A community fundraising campaign has donated $100,000 to support a clinical trial aimed at improving the care, treatment and quality of life for patients with melanoma that has spread to the brain.
Through the thousands of kilometres walked by 309 people all over Australia as part of the Australian Skin Cancer Foundation’s Mission Melanoma campaign, $100,000 has been donated to a clinical trial that will investigate a new treatment combination for patients with symptomatic melanoma brain metastases.
Once melanoma spreads to the brain, patients often have a poor prognosis and a short life expectancy, although advances in treatment – including those pioneered by Australian researchers – are providing real hope.
The BETTER trial, led by A/Prof Tim Wei Wang from Westmead Hospital and the University of Sydney, and Dr Malaka Ameratunga from the Alfred Hospital and Monash University, will focus on testing a new treatment combination in patients with symptomatic melanoma brain metastases.
A/Prof Wang said the BETTER trial would evaluate the safety, tolerability and efficacy of combining the immunotherapy drugs nivolumab and ipilimumab with bevacizumab and targeted radiotherapy in patients with melanoma brain metastases who have symptoms from their disease and are not suitable for surgical treatment.
“Treatment options for these patients are often limited and this condition is poorly represented in clinical research due to its severity and complexity,” A/Prof Wang said.
“Indeed, patients with symptomatic brain metastases are usually excluded from clinical trials so this study will give these patients the opportunity to trial a new combination treatment.”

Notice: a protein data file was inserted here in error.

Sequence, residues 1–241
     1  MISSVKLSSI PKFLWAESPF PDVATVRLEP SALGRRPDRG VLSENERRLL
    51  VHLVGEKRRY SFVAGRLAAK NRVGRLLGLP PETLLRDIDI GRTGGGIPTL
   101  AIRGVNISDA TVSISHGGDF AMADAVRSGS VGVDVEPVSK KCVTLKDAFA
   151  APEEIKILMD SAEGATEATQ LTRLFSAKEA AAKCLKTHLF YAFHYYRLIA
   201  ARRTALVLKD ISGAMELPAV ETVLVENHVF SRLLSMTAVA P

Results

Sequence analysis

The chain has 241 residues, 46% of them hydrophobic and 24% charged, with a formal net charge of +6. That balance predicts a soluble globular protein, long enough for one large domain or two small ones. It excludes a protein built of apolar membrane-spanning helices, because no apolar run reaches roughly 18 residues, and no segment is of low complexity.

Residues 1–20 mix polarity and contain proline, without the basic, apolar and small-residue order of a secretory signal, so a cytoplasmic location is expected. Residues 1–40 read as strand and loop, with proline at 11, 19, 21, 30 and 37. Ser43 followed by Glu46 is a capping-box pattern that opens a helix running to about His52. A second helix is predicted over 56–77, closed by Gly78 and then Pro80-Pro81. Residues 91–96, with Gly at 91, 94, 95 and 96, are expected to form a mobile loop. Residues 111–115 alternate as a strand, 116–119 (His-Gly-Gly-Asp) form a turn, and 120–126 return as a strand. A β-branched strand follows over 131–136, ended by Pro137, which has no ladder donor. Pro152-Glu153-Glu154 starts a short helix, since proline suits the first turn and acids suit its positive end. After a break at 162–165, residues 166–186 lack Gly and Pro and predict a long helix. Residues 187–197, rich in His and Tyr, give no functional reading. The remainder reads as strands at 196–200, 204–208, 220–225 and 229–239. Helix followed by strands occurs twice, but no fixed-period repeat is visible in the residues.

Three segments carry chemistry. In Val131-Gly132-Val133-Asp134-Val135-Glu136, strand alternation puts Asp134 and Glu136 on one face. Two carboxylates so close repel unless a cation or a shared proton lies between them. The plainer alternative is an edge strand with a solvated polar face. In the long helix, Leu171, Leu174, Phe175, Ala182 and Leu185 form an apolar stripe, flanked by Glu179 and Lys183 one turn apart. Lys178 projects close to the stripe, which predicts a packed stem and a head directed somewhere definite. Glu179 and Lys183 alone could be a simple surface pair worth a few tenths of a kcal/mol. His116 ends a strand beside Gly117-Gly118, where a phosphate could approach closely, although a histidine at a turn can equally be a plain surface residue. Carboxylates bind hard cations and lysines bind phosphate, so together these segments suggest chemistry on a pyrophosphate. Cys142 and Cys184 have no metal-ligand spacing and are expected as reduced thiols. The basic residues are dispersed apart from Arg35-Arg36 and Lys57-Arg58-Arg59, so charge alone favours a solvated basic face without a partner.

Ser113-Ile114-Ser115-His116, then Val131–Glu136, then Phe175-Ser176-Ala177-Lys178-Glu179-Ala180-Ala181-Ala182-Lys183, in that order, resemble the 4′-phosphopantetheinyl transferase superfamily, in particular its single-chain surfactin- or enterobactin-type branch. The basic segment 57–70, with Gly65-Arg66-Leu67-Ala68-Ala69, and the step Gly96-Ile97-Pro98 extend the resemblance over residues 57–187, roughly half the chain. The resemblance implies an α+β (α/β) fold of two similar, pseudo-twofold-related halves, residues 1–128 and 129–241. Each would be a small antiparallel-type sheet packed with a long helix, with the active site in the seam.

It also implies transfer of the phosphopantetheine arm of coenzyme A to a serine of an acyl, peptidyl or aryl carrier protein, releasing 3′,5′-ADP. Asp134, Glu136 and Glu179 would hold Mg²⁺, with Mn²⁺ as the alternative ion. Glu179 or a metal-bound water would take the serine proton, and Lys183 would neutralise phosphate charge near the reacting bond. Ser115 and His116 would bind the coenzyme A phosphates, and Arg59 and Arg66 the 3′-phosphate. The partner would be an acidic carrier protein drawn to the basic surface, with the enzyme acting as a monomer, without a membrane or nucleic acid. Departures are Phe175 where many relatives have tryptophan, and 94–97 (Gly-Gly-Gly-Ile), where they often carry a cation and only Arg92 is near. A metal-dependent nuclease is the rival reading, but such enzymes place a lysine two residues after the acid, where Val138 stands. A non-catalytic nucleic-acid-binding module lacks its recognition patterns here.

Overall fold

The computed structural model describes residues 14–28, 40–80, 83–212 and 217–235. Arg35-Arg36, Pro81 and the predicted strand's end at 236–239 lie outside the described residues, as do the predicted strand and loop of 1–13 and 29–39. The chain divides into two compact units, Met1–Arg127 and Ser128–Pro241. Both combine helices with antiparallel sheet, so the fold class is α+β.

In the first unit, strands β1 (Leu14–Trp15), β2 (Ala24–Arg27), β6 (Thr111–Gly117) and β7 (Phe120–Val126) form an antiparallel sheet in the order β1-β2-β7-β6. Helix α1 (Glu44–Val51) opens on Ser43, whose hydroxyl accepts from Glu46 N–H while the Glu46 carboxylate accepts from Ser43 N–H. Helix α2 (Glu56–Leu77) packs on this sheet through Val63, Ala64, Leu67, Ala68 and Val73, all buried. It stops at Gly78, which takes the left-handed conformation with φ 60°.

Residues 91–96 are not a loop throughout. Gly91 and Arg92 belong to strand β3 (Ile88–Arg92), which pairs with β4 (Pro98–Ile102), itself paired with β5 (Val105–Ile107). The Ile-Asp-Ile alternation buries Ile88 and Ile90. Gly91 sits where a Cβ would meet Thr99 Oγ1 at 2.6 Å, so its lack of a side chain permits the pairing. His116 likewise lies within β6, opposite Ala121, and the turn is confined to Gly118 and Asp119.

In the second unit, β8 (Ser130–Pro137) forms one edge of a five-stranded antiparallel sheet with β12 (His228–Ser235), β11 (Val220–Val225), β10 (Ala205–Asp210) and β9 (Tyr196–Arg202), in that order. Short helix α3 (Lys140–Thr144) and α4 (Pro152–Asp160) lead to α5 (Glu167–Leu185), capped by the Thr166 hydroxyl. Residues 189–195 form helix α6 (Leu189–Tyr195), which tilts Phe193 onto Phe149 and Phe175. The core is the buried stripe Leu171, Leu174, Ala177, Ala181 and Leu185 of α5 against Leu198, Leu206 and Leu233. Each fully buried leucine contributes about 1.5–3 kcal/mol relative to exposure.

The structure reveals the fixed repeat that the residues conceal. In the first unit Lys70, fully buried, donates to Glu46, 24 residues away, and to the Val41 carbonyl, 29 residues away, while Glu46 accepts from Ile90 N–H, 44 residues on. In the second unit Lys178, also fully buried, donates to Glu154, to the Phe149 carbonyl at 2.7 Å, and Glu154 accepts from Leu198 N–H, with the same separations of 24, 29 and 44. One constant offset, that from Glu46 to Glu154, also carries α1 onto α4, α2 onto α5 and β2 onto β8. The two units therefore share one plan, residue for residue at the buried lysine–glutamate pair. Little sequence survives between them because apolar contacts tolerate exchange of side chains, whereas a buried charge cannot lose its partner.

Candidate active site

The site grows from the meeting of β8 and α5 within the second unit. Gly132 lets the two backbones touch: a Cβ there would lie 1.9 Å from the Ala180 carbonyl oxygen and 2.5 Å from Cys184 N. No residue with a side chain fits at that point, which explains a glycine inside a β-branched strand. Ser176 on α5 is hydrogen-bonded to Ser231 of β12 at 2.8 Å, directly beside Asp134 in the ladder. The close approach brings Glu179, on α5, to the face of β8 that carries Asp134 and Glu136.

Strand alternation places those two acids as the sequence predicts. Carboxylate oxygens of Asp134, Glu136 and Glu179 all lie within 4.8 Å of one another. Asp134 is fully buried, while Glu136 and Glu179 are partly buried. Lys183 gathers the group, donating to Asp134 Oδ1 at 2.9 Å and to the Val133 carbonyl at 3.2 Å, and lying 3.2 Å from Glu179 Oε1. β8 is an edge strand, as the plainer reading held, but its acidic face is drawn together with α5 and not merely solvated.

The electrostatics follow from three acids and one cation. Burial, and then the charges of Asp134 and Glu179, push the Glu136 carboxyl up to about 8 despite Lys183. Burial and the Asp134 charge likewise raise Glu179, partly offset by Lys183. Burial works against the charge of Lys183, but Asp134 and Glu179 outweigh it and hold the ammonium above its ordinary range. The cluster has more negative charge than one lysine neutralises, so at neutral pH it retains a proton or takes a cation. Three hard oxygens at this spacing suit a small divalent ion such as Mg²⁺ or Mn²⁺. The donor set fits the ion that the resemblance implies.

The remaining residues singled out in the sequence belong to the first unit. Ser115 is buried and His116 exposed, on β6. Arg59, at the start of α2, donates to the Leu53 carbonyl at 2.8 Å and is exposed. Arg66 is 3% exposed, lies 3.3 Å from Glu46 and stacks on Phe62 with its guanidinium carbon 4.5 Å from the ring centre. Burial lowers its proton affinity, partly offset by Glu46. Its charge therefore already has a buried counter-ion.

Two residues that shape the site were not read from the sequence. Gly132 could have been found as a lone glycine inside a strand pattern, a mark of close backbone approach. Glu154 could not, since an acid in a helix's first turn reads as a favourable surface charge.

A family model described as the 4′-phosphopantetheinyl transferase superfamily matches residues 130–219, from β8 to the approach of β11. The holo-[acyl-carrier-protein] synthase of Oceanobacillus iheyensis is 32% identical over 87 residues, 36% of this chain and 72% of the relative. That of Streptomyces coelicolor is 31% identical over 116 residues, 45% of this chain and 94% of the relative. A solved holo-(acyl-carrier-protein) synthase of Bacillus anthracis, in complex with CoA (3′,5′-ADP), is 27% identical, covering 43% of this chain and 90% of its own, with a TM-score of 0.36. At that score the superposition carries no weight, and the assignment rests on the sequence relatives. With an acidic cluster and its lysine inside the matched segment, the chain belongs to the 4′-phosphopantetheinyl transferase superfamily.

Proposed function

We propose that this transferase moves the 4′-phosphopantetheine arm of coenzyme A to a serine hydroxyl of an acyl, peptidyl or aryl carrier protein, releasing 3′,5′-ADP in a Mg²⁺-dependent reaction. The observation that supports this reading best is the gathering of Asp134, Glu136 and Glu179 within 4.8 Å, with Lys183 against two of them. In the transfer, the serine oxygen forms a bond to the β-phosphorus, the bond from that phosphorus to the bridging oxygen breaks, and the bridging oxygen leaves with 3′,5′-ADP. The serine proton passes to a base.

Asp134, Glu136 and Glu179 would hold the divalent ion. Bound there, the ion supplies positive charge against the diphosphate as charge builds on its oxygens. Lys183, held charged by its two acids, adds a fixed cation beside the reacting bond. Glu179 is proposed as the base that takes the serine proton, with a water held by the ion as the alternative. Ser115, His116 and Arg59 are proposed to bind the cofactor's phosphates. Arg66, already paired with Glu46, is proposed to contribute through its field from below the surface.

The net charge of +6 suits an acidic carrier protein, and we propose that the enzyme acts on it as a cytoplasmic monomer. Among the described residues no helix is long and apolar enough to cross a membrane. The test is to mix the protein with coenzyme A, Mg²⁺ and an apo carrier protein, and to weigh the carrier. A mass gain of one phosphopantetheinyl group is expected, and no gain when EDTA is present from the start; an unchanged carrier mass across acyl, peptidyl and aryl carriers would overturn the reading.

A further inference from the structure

“If the initial trial is successful, we hope to expand it into a larger trial supported by further funding. This will allow us to increase the number of patients who can participate in the research and open additional recruiting sites, as well as add more investigators from Australia and overseas to boost the trial.”
“As well as extending the patient’s life, this combination treatment may also improve quality of life by reducing the need for immune-suppressing steroids that have many side-effects and also by avoiding radionecrosis (localised areas of brain tissue damage following high dose radiation) from stereotactic radiotherapy,” A/Prof Wang said.
Now that the generous funding from the ASCF has been received, work on the Melanoma Brain Metastases Clinical Trial (known as the BETTER trial) will initially begin at the Westmead and Alfred Hospitals.
ASCF founder, Mr Jay Allen OAM, said the group was thrilled its first major fundraising initiative, which received 1,770 donations, has resulted in kickstarting research for a group of melanoma patients that are typically underrepresented.
“We will continue to raise funds for research until a cure can be found for all melanoma patients, and we also want to highlight the importance of regular skin checks,” Mr Allen said.
“Our aim is to stop melanoma in its tracks and one of the best ways we can do this is by raising funds to support the work of our brightest melanoma researchers.”
“Australia has some of the best cancer researchers in the world so we are very proud to be supporting this clinical trial, and we look forward to raising more funds to support melanoma research,” Mr Allen added.
Read more about the BETTER trial.